Look at this cute little thing. Look at those little baby leaves and those little fuzzy leaves and they're pointed and everything. That's a little baby bluebonnet. That's a baby Texas State Flower right there.
But the problem is we've got some of these renegade flowers. You know, these weeds out of place, they call them. The bad thing about it is they're both going to stay little for a couple of months and then these weeds are going to grow faster than that bluebonnet. We can't let that happen for those of us who love the bluebonnets. We can't let it happen, those of us who love the bluebonnet. What we've got to do is take these broadleaf leaf weeds out now without damaging the bluebonnet.
Now the good news is you only have to have one of these bluebonnet plants every twelve inches to have a full blooming stand next spring, in March when they bloom. So all you have to do is get some Round Up with glyphosate herbicide so is Ortho Klean up. Then just come in here and carefully spray when the wind's not blowing. Spray these bad old weeds and kill these broadleaf weeds and that won't hurt the bluebonnets because it's kind of a weed too.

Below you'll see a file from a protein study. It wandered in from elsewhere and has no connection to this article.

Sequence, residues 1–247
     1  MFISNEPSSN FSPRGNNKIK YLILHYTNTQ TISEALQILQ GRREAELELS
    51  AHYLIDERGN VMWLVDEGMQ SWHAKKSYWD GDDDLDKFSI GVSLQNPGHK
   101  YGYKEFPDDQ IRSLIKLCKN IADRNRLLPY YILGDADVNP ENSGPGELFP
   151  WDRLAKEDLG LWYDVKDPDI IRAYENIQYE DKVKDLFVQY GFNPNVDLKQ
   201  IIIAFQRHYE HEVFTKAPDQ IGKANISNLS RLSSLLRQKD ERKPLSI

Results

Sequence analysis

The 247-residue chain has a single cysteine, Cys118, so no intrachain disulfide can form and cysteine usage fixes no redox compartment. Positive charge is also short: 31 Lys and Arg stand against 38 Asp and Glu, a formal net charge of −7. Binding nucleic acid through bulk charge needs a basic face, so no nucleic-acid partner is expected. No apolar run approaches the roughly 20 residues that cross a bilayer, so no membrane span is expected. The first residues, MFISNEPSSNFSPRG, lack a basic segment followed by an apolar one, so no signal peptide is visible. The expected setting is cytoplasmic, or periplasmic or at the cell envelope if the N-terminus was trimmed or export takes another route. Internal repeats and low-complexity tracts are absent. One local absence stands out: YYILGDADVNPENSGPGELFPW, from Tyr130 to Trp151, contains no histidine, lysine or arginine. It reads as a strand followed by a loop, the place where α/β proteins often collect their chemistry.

And sure enough next spring they will burst into full glory as we are used to seeing in late March. Those beautiful waves of blue and, before long, maroon, red, and all sorts of other colors coming to you courtesy of Texas A&M University. But if you want bluebonnets next spring you have to remember to thin them out, population control we call it, and you've also got to give them a little extra water if the winter stays dry.
This is Jerry Parsons, Vegetable Specialist for the Texas Agricultural Extension Service, the Weekend Gardener.
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